This same pattern worked with some of the bosses as well. Yes, it still requires the study of the enemies to know if a light, light, heavy combo will take them down, it just does not produce the outcome I think the developers of Dark Point Games were hoping to produce. I would have liked to partake in large battles alongside fellow ally NPCs but this never occurs therefore making it feel more of a solo affair. This complaint isn’t so much of a development flaw as more of an expectation I had considering the source material.

In regards to performance on the Steam Deck, I was getting a steady 58-60 fps with most settings on high by default. The game isn’t graphically demanding and while you will have multiple enemies on screen, it never dipped below 55 fps. I would have loved to include more screenshots with performance overlay which I usually do when talking about performance on the Steam Deck. However, the latest SteamOS update removed performance overlays from displaying on screenshots.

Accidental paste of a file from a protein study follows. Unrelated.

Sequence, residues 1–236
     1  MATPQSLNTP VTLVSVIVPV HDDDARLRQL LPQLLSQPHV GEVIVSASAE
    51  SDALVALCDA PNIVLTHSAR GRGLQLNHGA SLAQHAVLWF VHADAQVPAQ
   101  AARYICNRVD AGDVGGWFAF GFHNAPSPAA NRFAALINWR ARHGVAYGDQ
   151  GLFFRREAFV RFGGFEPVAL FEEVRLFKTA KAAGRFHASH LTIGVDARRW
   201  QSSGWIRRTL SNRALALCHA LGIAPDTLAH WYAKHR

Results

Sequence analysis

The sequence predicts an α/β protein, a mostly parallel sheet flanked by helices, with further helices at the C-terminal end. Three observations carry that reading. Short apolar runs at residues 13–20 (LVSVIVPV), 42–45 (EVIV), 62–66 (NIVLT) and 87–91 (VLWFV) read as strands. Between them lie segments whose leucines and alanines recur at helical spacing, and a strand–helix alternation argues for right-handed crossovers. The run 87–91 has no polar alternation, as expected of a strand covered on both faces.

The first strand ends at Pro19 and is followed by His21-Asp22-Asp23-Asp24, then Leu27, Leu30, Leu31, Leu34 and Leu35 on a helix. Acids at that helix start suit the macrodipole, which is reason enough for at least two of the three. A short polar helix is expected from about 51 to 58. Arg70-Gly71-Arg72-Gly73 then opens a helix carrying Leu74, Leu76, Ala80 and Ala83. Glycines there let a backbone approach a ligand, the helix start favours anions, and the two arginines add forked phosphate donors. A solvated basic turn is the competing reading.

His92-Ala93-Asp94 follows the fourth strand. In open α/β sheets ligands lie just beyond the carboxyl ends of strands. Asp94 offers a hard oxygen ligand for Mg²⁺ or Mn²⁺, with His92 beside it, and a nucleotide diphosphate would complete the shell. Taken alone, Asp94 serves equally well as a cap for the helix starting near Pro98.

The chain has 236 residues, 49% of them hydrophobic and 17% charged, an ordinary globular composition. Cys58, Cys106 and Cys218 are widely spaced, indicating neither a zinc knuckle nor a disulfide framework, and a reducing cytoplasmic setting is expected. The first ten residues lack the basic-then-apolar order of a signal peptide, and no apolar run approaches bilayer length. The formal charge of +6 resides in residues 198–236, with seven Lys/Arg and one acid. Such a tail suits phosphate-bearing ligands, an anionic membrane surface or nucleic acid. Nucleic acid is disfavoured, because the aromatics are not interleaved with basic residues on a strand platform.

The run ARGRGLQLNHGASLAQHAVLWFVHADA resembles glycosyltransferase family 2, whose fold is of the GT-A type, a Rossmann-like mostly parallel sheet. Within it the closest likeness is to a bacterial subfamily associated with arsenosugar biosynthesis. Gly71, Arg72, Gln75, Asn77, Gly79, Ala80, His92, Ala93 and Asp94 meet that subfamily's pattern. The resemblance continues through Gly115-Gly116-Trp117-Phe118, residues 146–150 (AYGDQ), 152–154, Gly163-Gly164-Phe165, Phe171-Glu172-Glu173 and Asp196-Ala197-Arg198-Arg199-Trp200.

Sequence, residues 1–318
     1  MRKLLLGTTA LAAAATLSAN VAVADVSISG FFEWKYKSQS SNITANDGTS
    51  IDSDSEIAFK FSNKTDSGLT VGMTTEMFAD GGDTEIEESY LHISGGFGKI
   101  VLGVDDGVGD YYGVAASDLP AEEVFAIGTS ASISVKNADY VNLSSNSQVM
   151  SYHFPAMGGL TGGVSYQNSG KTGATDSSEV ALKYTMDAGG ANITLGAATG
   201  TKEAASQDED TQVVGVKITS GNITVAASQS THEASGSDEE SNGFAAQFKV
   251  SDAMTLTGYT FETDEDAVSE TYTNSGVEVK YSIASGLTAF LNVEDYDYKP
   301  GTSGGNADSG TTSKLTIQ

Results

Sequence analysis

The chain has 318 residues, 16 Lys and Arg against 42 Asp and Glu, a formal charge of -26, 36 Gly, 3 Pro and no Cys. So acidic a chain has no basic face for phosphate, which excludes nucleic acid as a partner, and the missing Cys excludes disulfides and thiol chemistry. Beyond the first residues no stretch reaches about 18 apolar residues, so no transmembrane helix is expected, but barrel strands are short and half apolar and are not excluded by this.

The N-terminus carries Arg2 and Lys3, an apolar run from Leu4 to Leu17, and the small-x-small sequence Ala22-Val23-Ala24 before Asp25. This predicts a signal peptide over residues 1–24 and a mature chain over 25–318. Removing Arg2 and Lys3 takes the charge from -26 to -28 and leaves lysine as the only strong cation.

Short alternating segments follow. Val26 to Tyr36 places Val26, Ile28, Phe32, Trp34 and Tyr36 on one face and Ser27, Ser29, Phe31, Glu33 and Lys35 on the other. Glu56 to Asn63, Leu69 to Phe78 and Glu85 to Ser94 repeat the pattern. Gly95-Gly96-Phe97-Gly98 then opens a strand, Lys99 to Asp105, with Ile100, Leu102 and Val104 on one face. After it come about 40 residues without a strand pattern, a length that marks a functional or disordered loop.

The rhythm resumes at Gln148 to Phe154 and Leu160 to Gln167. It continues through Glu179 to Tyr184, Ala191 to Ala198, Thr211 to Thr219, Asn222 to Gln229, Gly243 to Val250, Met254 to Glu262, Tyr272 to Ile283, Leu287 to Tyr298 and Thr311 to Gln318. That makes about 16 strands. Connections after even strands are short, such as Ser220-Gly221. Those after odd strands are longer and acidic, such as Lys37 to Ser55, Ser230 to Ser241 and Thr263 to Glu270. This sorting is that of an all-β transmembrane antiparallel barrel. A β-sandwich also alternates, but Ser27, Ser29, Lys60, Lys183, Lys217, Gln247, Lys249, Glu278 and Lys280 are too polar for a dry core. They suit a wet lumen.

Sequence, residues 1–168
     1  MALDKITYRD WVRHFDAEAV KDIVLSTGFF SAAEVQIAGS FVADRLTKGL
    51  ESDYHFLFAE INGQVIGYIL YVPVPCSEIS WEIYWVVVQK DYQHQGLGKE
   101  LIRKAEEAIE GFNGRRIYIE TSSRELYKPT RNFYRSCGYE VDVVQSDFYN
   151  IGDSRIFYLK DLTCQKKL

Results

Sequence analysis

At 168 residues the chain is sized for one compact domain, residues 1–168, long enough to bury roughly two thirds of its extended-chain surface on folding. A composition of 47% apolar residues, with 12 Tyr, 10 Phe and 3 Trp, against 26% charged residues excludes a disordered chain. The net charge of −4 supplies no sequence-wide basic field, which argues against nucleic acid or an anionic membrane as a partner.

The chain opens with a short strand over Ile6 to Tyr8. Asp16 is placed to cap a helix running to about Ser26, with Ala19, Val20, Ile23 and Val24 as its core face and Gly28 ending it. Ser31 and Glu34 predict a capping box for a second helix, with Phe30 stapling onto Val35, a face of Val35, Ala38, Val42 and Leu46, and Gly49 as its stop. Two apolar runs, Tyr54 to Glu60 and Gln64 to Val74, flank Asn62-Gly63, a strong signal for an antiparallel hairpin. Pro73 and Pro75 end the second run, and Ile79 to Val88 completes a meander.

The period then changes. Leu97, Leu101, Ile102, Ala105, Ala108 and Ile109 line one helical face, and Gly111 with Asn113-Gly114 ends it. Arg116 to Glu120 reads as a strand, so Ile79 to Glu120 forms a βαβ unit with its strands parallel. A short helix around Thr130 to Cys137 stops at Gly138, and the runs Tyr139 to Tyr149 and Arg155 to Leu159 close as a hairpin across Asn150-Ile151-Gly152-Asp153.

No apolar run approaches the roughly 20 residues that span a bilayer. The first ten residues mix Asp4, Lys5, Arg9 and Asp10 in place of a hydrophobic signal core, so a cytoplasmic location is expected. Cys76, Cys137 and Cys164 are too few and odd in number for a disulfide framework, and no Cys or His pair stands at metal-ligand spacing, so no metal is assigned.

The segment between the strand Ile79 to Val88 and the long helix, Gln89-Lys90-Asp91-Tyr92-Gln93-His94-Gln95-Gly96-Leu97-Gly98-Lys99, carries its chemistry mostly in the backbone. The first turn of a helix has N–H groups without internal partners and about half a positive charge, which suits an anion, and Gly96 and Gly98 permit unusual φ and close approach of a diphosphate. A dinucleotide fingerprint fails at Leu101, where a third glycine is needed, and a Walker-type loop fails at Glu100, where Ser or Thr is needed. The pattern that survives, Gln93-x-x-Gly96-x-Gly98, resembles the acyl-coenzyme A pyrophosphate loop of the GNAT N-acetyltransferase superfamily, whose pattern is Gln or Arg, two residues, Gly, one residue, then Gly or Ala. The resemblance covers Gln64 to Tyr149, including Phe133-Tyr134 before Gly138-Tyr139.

Nevertheless, the fact Achilles: Legends Untold looks & performs great on Steam Deck makes it even more enjoyable. The locations are easy to navigate, and the combat feels satisfying with a vast skill tree to dive into. I would have just liked a bit more variety in location designs, combat scenarios, and depth in the story. Achilles: Legends Untold is currently on sale for $18.83 on Steam with a very positive 82% approval rating. Developers Dark Point Games are on the right track and I’m sure this will be a game to keep an eye on over time.  

Rating: 3 out of 5.

This review was based on a digital copy of Achilles: Legends Untold for Steam Deck provided by Dark Point Games.

Related posts

Pinball M Xbox Series X Review + Steam Deck Performance Test

Adam Vale

Steam Deck – My Favorite Apps & Plug-ins That Can Boost Your Gaming Experience

Adam Vale

7 Must-Have Games On Steam Deck That Are Currently On Sale

Adam Vale